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Using technology to reduce violent behaviour

Recent studies and research have found compelling evidence to suggest that issuing healthcare staff with body worn cameras reduces violent behaviour on mental health wards.


Former health and social care minister Stephen Hammond recently reported that there were more than 2,318 assaults against Suffolk NHS workers alone in 2018 – equating to over six assaults every day. 


The most recent NHS staff survey revealed that this is not an isolated trend, with more than 15% of all NHS employees having experienced violence from patients, their relatives or the public in the last 12 months – the highest figure for five years.*


The government responded by launching the NHS violence reduction strategy, announced last October, which includes £2m for programmes to reduce violence, bullying and harassment against NHS staff. Trusts around the country are introducing specialist body worn cameras (BWC) that can be worn by nursing staff as a tool to help achieve this, with resounding success.


Existing Research 

In 2017, under the aegis of its Innovation Research department and with support from Calla (the body camera supplier), researchers and clinicians from the Northamptonshire Healthcare NHS Foundation Trust (NHFT) conducted a project to examine the feasibility of using body worn cameras in an inpatient mental health setting. 


12 cameras were trialled by 60 staff for three months across five wards and feedback was collected from staff and patients via focus groups and questionnaires, with overwhelmingly positive feedback. 83% of patients felt the cameras were of benefit, describing the main positives as things like safety for everyone, respect for staff and accurate recording. Staff feedback included: “I think it prevents a lot of aggression and puts patients’ minds at ease knowing there is a record of what happened.”


Dr. Alex O’Neill-Kerr - Clinical Medical Director, NHFT, concluded: “Improving patient and staff safety, coupled with improving the quality of care afforded are key priorities for us and we are always striving to find innovative ways to achieve those objectives. As this study has proven, body worn cameras could play an integral role in accomplishing those goals.”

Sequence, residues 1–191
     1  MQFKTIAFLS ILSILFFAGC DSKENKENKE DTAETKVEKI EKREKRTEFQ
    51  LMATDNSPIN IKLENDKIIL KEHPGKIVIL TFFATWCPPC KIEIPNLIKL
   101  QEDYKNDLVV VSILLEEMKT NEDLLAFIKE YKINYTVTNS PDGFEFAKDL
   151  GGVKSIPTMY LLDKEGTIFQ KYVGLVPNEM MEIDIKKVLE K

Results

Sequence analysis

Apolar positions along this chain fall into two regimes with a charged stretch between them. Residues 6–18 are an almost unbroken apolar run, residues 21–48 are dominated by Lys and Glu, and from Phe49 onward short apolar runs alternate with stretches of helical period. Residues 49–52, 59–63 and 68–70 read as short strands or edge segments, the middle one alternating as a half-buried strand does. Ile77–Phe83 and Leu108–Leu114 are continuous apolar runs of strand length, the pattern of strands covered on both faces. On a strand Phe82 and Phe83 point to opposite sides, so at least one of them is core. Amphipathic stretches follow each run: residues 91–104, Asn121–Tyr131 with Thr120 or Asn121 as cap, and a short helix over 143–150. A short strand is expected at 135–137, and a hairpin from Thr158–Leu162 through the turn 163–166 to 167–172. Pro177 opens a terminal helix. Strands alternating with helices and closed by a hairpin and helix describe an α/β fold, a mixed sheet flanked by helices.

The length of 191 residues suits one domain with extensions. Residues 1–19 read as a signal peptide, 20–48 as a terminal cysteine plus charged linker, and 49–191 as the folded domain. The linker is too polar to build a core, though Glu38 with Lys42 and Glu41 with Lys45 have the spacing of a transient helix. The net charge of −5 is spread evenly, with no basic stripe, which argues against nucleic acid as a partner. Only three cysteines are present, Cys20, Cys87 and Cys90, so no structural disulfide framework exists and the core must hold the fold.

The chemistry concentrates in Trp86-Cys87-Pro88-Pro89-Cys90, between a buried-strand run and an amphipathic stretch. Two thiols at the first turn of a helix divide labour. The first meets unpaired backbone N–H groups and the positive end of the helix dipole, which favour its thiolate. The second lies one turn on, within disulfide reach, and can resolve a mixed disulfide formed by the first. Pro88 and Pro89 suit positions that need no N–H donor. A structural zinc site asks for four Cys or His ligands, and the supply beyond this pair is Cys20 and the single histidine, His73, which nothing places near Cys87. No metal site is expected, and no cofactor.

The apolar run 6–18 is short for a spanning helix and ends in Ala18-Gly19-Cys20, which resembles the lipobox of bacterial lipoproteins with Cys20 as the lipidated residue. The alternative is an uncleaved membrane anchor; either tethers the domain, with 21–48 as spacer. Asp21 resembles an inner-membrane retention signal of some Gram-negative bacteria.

New study from West London Trust 

West London Trust (WLT) has furthered research by conducting its own study to look at some of the implications of the technology, which is available today via open access. 


Key findings: 

• BWC use was associated with a significant reduction in the seriousness of incidents on local services admissions wards

• There was a significant decline in the use of tranquilising injections during restraint incidents 

• BWCs were associated with a reduction in the overall seriousness of aggression and violence in reported incidents. 


The conclusion is therefore that their use is beneficial to patients, mental health staff and managers. Furthermore, staff surveys also revealed an overwhelmingly positive attitude towards the adoption of the cameras. 

• 80% thought that BWCs would have a positive impact 

• 86% thought that BWCs would help reassure both staff and patients 

• 100% of staff had encountered instances of verbal or physical aggression at least once a week 

• 87% spent a ‘considerable portion of their time dealing with aggressive behaviour’ 

• 80% said that dealing with aggressive behaviour ‘often gets in the way of doing the job they ought/want to be doing’ 

• 80% said that if BWCs could help reduce aggressive behaviour or the time spent dealing with it, ‘it would have a positive impact on their day-to-day job’ 

• 60% could recall a work incident ‘where they wished they’d had a body camera’.


Stephanie Bridger, Director of Nursing and Patient Experience at WLT, says: “The pilot provided us with really useful data which supported the use of body worn cameras on our inpatient wards. The data showed that the cameras helped reduce serious incidents and modified behaviour in a positive way, for both staff and patients. This has been a great innovation for us and we will be rolling this out across our Trust.” 


Lead author of this pilot study, Tom Ellis, from the Institute of Criminal Justice Studies, University of Portsmouth, concludes: “The changes after BWC introduction across all seven of the WLT MH wards in this pilot study are encouraging. The number of the most serious incidents, ie, those requiring constraint by use of tranquilising injections, was significantly reduced.” 


Click here to read the full paper.